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Clearway Energy, Inc (NYSE:CWEN)
Q2 2020 Earnings Call
Aug 7, 2020, 11:00 p.m. ET

Contents:

  • Prepared Remarks
  • Questions and Answers
  • Call Participants

Prepared Remarks:

Operator

Ladies and gentlemen, thank you for standing by and welcome to the Clearway Energy, Inc. second quarter 2020 earnings conference call. [Operator Instructions] After the speakers' presentation, there will be a question-and-answer session. [Operator Instructions]

I would now like to hand the conference over to your speaker today, Chris Sotos. Thank you. Please go ahead, sir.

Christopher Sotos -- President and Chief Executive Officer

Good morning. Let me first thank you for taking the time to join today's call. Joining me this morning is Chad Plotkin, our Chief Financial Officer; Akil Marsh, our Investor Relations Manager; and Craig Cornelius, President and CEO of the Clearway Energy Group. Craig will be available for the Q&A portion of our presentation. Before we begin, I'd like to quickly note that today's discussion will contain forward-looking statements, which are based on assumptions that we believe to be reasonable as of this date. Actual results may differ materially. Please review the safe harbor in today's presentation as well as the risk factors in our SEC filings. In addition, we will refer to both GAAP and non-GAAP financial measures. For information regarding our non-GAAP financial measures and reconciliations to the most directly comparable GAAP measures, please refer to today's presentation. Turning to page four, for the second quarter of 2020, Clearway achieved CAFD of $86 million, for a total of $94 million in the first half of 2020. These results are within our expected sensitivity ranges. To date, the effects of COVID remain immaterial, with our teams maintaining safe and reliable operations through this difficult time. As previously announced, we closed on the sale of our residential solar portfolio for $75 million, and merely recycled that capital to close the first project in the April Drop-Down for the remaining interest that C1 did not already own, and repowering a 1.0 for $70 million.

After a year and a half, I am happy to note that PG&E has emerged from bankruptcy, and consistent with our commitments, we are recalibrating the dividend in line with our long-term financial objectives. So today, we are announcing a 49% increase to the company's dividend to $1.25 a share annualized, which is in line with our payout ratio objectives relative to 2020 CAFD guidance. As of the end of June, there was $168 million in predictable cash at the PG&E-related projects. And as we've indicated previously, we will allocate this to committed growth investments. Through this capital deployment, and with the binding agreements in place we already have, Clearway Energy Inc. anticipates being able to increase the dividend at the upper end of our 5% to 8% long-term growth rate for 2021. In addition, during the quarter, we raised $278 million in corporate capital, with $250 million issued as a tack-on to the 2028 green bond and $28 million under the ATM program. The Clearway Energy Board has also authorized a new $150 million ATM program to fund growth within our balance sheet objectives. With the constraints from PG&E now behind us, during the quarter, we were also able to advance new growth. First, we agreed to acquire an interest in the 419-megawatt Mesquite Star wind project, with C1 obtaining 50% of the cash flows through the middle of 2031 while the project is predominantly contracted; and then retaining 22.5% of the cash flows thereafter while it's predominantly merchant. As you will recall, as a result of the PG&E bankruptcy, we initially had to forego any investment in Mesquite Star.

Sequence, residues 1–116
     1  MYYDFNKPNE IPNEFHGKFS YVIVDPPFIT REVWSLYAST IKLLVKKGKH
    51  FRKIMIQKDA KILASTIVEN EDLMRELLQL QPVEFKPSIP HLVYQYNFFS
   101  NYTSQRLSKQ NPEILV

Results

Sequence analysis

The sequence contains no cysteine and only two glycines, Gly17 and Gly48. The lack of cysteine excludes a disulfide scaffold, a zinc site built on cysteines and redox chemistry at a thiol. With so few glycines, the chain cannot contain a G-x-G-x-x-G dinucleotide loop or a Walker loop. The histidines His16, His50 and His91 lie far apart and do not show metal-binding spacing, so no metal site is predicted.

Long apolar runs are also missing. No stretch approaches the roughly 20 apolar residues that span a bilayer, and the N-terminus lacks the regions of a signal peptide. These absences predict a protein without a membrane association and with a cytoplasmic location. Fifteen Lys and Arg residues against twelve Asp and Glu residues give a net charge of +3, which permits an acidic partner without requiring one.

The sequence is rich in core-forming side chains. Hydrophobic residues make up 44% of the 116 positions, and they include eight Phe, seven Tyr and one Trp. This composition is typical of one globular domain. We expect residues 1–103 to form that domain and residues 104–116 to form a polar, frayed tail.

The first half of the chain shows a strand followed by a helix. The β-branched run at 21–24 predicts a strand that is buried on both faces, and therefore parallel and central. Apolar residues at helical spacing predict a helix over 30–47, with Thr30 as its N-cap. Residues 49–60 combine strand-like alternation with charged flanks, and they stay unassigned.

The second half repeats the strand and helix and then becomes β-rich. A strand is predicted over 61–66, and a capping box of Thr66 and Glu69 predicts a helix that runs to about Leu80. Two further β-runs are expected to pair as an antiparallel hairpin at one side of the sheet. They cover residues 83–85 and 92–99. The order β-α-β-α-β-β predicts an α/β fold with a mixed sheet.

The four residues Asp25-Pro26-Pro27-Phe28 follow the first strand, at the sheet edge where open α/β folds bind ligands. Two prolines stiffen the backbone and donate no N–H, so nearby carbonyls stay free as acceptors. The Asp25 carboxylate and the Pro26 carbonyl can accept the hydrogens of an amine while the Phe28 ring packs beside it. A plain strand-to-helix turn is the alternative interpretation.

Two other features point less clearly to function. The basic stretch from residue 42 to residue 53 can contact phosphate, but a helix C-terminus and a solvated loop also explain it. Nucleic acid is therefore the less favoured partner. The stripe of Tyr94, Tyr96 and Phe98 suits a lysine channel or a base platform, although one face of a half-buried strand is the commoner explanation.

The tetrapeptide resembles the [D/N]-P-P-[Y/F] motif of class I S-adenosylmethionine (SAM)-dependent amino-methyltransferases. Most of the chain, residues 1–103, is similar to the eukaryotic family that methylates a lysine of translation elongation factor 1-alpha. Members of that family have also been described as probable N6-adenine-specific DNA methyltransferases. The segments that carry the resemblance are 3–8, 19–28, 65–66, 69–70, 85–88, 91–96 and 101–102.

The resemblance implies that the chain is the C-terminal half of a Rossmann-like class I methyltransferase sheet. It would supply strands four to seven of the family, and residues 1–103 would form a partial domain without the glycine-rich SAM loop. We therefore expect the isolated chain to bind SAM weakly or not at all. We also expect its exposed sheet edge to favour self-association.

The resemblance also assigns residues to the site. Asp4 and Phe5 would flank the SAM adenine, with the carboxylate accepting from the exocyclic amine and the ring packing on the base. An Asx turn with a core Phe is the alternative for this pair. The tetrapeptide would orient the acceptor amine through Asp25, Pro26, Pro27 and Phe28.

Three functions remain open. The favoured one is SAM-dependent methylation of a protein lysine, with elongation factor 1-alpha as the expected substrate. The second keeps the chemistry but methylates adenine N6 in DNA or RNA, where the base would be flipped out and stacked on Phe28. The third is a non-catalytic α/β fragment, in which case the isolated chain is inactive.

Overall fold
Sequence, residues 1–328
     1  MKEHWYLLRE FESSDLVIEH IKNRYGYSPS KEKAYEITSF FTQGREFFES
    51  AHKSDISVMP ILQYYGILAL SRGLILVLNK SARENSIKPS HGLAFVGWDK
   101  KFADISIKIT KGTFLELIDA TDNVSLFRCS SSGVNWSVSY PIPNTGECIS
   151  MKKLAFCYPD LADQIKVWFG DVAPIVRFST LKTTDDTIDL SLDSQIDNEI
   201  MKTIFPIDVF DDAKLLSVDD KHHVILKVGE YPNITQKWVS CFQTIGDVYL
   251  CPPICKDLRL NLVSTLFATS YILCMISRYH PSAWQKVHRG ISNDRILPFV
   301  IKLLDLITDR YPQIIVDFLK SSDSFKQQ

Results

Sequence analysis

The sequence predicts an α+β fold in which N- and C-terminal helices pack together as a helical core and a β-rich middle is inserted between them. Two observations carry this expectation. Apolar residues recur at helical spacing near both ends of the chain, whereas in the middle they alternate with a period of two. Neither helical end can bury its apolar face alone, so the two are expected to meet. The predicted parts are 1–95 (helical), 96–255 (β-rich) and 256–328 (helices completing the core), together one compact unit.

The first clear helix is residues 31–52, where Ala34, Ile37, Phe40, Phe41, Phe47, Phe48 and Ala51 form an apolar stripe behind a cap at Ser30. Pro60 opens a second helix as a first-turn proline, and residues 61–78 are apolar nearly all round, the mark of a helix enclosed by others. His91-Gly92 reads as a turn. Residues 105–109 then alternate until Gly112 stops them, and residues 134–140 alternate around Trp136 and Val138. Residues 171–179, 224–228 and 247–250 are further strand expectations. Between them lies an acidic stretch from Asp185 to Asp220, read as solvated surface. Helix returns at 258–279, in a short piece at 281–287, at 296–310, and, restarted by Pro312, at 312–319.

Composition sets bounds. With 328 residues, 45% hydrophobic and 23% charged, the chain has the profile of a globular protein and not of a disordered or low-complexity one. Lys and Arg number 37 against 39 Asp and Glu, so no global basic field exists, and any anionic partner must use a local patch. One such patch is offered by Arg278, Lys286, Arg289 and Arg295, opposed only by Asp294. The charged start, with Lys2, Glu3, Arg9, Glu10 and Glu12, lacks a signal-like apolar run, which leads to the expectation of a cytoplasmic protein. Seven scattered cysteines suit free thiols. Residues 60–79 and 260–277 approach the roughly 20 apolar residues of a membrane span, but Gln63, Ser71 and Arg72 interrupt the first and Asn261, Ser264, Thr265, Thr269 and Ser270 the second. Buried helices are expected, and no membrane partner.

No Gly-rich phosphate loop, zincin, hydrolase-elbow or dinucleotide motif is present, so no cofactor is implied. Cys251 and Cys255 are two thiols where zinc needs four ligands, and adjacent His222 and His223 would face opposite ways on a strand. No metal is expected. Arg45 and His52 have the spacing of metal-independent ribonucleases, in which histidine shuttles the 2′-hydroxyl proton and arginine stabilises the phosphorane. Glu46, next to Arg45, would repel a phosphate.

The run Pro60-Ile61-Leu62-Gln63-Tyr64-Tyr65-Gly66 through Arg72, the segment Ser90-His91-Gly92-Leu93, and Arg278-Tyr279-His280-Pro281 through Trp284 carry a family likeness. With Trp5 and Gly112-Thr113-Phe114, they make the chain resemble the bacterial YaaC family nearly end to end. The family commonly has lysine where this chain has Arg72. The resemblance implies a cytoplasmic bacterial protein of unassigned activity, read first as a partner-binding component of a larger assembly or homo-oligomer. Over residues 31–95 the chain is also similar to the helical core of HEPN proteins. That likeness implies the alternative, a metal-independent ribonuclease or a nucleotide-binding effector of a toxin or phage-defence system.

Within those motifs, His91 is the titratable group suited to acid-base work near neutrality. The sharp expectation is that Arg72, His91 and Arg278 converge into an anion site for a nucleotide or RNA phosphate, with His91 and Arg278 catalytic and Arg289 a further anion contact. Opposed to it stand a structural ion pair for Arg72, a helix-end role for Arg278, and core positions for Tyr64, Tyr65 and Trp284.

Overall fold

We have been fortunate through this period to continue working with our colleagues at Clearway Group to find a solution to allow C1 to retain an interest in the project. Our ability to structure an innovative approach for this project that minimized our capital exposure in the merchant period is a testament to the strength in our sponsor relationship, and provides growth outside of the ROFO pipeline. In addition, Clearway reached agreement with all parties regarding black start services at Marsh Landing with anticipated COD in 2021. During the five-year pendency of the contract, C1 will receive a return of, and on, its capital, resulting in an exceptionally strong CAF deal. While the duration of the contract is not long, this important investment continues to highlight the importance of our gas assets in the California electricity market. We continue to work with CEG on the closing of additional investments announced last quarter with both Rattlesnake Wind and Pinnacle Repowering remaining on track. Finally, we are acutely focused on driving growth for 2021 and beyond, especially in partnership with Clearway Group. We have received a Drop-Down offer from Clearway Group for 100% of the ownership interest in Langford following its repowering, and the remaining interest in Hawaii Solar Phase I. The Hawaii assets are already well known to you, given C1's previous investments into those projects in 2019, while Langford Repowering provides another opportunity for C1 to diversify its portfolio or participating in an asset with a hedge structure similar to Elbow Creek and ERCOT. In addition, we are engaged in structuring a co-investment in a 1.2 gigawatt portfolio of renewable assets under development by Clearway Group, with expected commercial operation dates from 2021 to 2022. While we are in the early stages of this process, the sizable portfolio will provide additional growth on a longer-term basis with an estimated 15-year weighted average life for Clearway Energy Inc.'s CAFD per share, which will support sustained dividend growth in the future.